I'm so sorry to hear what you are going through. For me it was one knee and then the other that suddenly started hurting and locking up 10 whole years ago. Keep up the good fight. Getting older is a mixed blessing and curse.

erin said...

i think george puts it well, " I have found that trying so hard is usually an exercise in painful resistance to the reality of my life. When I allow things to unfold naturally, accepting everything with gratitude, I find both peace and the courage to continue walking forward." there is something at the pivot between work and allowance. the work, which is friction, must give way somehow to acceptance, the point at which friction dissolves. i laugh at myself to see me shifting my weight over this point often, trying to find the sweet spot. ironically, it is our work only to be.

what frustrates you, this imposition of slowing down, is the very thing that might free you. isn't this funny? so it is for all of us, those things which cause us to change and be thoughtful, mindful. and so i am not sorry for your pain (but of course, in a way i am, because i care for you) but i am sorry that you have not found directly that sweet spot yet. but no, ruth, i am not even sorry for that. look at you))) just look at you)))) you are on your very important mindful journey. look at how mindful you become writing a sentence, touching James' sweet head!

i have been sick for two weeks. yesterday i went to the forest for the first time since. everything seemed so blessed new. i was overcome. i said to my body, thank you for being sick,for look at what i can perceive now! look at my gratitude! this i must remember and carry.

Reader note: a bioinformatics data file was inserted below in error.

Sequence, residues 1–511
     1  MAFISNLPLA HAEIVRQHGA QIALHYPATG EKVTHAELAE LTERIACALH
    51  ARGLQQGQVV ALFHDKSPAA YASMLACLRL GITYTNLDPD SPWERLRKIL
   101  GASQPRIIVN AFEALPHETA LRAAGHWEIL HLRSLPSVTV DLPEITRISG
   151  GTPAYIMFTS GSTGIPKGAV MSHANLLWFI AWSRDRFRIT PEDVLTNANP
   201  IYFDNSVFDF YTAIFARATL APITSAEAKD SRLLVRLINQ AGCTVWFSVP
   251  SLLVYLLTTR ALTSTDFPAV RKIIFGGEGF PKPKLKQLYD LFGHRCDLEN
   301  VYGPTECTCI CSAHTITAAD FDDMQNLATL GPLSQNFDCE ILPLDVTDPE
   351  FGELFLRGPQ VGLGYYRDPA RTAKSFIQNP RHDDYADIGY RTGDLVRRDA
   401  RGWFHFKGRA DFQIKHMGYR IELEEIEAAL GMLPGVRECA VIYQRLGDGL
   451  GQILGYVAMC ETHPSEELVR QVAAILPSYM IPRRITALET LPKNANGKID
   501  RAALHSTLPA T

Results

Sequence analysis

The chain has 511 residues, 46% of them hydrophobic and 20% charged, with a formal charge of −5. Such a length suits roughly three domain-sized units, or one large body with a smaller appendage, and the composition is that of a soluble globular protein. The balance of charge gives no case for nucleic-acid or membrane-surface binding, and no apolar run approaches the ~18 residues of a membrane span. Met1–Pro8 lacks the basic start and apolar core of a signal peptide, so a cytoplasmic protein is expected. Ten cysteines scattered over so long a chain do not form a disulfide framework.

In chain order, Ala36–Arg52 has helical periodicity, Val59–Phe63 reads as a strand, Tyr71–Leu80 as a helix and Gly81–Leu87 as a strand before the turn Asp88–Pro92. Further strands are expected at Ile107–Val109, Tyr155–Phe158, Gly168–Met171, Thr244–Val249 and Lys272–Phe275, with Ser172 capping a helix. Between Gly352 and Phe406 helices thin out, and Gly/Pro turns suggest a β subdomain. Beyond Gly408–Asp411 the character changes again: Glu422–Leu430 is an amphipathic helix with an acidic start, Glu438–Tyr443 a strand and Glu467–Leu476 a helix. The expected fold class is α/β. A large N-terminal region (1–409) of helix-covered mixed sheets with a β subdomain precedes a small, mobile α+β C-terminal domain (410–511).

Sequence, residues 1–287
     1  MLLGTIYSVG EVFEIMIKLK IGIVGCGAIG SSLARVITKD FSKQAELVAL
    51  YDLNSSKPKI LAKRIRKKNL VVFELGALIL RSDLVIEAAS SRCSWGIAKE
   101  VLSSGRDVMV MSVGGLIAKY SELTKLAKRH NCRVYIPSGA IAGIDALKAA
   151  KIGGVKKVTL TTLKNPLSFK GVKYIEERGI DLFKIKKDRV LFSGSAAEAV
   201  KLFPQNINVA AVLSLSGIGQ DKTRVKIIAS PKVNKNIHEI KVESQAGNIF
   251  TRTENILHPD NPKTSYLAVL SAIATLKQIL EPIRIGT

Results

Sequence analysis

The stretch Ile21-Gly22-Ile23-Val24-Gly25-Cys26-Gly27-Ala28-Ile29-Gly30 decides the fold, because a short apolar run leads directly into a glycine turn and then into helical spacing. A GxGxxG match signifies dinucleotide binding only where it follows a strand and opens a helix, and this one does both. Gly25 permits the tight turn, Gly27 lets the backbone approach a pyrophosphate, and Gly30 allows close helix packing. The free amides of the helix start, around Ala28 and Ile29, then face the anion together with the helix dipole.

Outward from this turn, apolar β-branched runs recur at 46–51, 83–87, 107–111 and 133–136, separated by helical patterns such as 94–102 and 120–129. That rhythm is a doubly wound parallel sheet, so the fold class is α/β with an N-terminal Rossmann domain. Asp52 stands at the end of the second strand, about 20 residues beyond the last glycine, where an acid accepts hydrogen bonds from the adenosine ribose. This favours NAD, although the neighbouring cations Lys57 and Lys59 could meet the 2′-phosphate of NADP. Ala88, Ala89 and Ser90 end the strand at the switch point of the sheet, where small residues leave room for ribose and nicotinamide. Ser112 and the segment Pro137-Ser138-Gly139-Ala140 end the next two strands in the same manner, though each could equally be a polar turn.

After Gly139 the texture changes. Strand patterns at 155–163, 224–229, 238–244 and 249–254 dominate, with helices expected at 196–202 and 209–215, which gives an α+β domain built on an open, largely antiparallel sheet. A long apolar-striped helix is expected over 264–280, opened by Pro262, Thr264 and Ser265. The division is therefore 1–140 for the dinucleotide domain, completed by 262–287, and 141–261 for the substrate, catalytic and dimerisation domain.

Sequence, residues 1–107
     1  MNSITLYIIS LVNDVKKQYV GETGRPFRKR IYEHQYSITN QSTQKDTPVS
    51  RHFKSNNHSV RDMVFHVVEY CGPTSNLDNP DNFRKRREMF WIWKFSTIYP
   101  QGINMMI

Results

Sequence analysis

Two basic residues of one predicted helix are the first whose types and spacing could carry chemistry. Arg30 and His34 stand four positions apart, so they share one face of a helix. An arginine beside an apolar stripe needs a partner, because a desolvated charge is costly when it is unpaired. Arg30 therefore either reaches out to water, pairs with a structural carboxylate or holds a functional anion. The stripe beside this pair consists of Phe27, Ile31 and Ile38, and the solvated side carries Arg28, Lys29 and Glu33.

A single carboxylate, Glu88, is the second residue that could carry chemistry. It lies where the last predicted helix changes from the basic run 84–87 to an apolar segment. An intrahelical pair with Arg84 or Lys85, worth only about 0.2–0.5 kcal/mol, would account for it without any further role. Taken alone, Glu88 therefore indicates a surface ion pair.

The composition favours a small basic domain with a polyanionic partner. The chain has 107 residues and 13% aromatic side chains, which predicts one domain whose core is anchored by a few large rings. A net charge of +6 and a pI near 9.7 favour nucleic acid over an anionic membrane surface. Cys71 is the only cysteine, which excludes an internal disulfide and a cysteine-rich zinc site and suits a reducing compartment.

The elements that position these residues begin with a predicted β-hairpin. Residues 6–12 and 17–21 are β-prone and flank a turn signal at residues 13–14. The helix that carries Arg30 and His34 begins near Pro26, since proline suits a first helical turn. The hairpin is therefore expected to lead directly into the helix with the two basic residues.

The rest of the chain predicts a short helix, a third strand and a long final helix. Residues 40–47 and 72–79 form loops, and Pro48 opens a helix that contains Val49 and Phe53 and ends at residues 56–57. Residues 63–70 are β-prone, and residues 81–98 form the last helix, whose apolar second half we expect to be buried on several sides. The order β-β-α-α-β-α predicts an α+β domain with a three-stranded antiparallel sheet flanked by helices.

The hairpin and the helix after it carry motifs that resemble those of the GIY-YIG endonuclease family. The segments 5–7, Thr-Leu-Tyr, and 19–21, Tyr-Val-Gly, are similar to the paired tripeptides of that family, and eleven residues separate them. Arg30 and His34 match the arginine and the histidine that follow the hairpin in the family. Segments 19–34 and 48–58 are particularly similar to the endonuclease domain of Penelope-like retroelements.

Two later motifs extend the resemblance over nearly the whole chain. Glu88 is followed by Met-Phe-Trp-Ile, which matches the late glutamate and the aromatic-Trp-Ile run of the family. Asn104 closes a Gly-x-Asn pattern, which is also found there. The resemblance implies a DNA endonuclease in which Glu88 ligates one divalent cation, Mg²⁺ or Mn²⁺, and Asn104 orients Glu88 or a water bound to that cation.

love)))

xo
erin

blueoran said...

In some ways, I think Rilke made a vatic career of making more with less. Getting to the heart of the art meant shedding extraneous gestures -- to the world, the beloved, even clutching at life. From the Elegies, the Sonnets; from "Who, if I cried out, would hear me among the angels' hierarchies?" to "learn to forget that passionate singing. It will end." The big night music becomes the carefully-inscribed breviary. Limitation comes with the turf, and the physical ebbings of age are somehow essential to the ongoing flowering of the work. On those crosses we learn to flourish, but no one would wish them on anyone else. My eyes grow dim, fingers lose their touch, neck and shoulder pain crimps; yet like Orpheus being slowly ripped apart by the maenads, something keeps singing, perhaps even better. I'm so sorry that the road becomes such a pain for you, but for some reason I believe it's meant. That there are rooms we can't get to without ones doors these we're forced to go through. Spiritual -- and poetic -- growth somehow depends on pain, be it emotional or physical or political. Not much of a pep talk but writings like for me somehow this deepens the fine tenor of the poems you've posted recently. - Brendan

Kathleen said...